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Brendon McCullum — “Baz” Lightyear on his way to infinity and beyond

Brendon McCullum has been among the top four most successful batsmen in Tests in the last year © Getty Images
Brendon McCullum has been among the top four most successful batsmen in Tests in the last 12 months © Getty Images

Brendon McCullum pulled off a potentially Test-saving performance at Basin Reserve. Abhishek Mukherjee takes a memory down the lane on the evolution.

Remember the Shaz and Waz show that used to be on television about a decade back? ESPN-Star had put their two debonair men, Ravi Shastri (Shaz) and Wasim Akram (Waz) for a show (that almost invariably involved a pretty girl) at tea-time. It used to be quite a hit during India’s tour of South Africa in 2003-04.

Had the show been held in 2008 it may have been called the Shaz and Waz and Baz show: by that time Baz (Brendon McCullum) had won the hearts of Kolkata by playing the highest Twenty20 innings. McCullum was a maverick who could tear attacks to pieces, a hot property for franchises, completed with muscular tattooed forearms.

Time changed things: Baz took a major decision when he quit wicket-keeping in Test cricket for good, but McCullum knew exactly what he was doing. He turned the Uppal Test around in 2010-11 when India had taken a 122-run lead; with some help from Kane Williamson, McCullum helped the visitors save the Test. He scored a career-best 308-ball 225, and his aggressive assertiveness got his side out of the hole.

“It was a flash in the pan”, we had thought. “The guy is, and will remain that aggressive batsman who could rip attacks apart. He takes too many risks and cannot get away with his strokeplay in Tests.”

But McCullum did not fail, and neither did he cut down his strokes: he had backed himself when he had decided to quit the big gloves; he had backed himself when he did not step down as captain after the Ross Taylor incident; he had backed himself with deft moves as captain of New Zealand; and now, backing himself as a batsman finally came good.

Even after the belligerent 113 at Dunedin and the outrageous 224 at Eden Park we doubted his ability as a Test batsman. “Isn’t he just getting away with strokeplay?” We had thought. But then came Basin Reserve, and with it arrived McCullum — The Fulcrum.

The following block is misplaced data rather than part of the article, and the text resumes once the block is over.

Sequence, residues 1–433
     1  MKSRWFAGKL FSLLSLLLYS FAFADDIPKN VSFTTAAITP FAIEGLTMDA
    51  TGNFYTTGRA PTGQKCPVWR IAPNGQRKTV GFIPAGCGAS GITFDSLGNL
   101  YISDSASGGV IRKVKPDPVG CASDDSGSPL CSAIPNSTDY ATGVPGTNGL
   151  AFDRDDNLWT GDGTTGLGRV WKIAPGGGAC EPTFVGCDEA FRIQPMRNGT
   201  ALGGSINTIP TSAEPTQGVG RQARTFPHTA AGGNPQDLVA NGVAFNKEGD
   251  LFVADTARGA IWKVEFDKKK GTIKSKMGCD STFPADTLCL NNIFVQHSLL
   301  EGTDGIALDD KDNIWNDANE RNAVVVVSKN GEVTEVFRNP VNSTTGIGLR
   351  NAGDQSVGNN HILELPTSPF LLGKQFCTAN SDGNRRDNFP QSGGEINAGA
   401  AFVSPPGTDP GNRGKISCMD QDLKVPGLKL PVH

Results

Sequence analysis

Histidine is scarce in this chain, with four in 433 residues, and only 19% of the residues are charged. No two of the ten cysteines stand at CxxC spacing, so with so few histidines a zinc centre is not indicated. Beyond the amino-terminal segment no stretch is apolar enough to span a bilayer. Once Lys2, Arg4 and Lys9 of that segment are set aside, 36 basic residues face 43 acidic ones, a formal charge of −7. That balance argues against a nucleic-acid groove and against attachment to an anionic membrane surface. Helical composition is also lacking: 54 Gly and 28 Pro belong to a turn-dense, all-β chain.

Consider the situation: New Zealand were trailing by 246 in the first innings; Zaheer Khan had reduced them to 94 for five; and it was just past lunch on Day Three. They had absolutely no chance of saving the Test — or at least that was what we thought. Never did we expect a Genghis to turn into a Buddha overnight.

The seemingly unstoppable cannonballs were met by the immovable rock; and when there was another shot, aimed at the narrow gap adjacent to the rock, a new obstruction cropped up in the form of BJ Watling; between them they held the Indian attack at bay for hours, adding 352 runs in 123 overs.

The Indians kept on firing, and it was probably too late when they wore Watling down; but out came James Neesham, who grinded it out with his captain. McCullum increased the scoring rate, and by stumps the pair had added 125 in 28.4 overs. The Test had been as good as saved. He remained unbeaten on 281 at stumps — a number Indians fondly associate with rearguard actions.

A quarter-of-a-century later, McCullum’s innings will be remembered as one of the finest batting performances of the era. His amazing self-restrain is easily reflected by the fact that he has (so far) scored at 53.5 runs per hundred balls this innings; it remains the slowest of his hundreds.

With 5,198 runs at 38.22, McCullum ranks fourth among New Zealand batsmen. He needs less than 250 runs to reach that number-six spot, which should ideally have made him a Test legend in the history of New Zealand cricket. As a captain he has scored 1,100 runs at 52.38 — only the second in their history in terms of average, marginally behind Martin Crowe’s 1,466 at 54.29.

Barring Kumar Sangakkara (1,106 runs at 92.16), Michael Clarke (1,070 at 44.58), and Ian Bell (1,023 at 42.46), he is the only one to have scored over a thousand (1,018 at 59.88) in the past 12 months; of the three, and none of the three come close to his strike rate of 66.75 (David Warner has 983 runs at a strike rate of 66.28, but he averages 39.32).

The world of cricket has possibly witnessed Baz, the tattooed Baz, the reckless Baz, the carefree Baz emerge into the man who he should have been years back. He still plays his strokes, but selectively; and when he has silently moved up the ranks to emerge as one of the finest in contemporary cricket.

Be scared, bowlers: very scared.

(Abhishek Mukherjee is the Deputy Editor and Cricket Historian at CricketCountry. He blogs at http://ovshake.blogspot.in and can be followed on Twitter at http://www.twitter.com/ovshake42)

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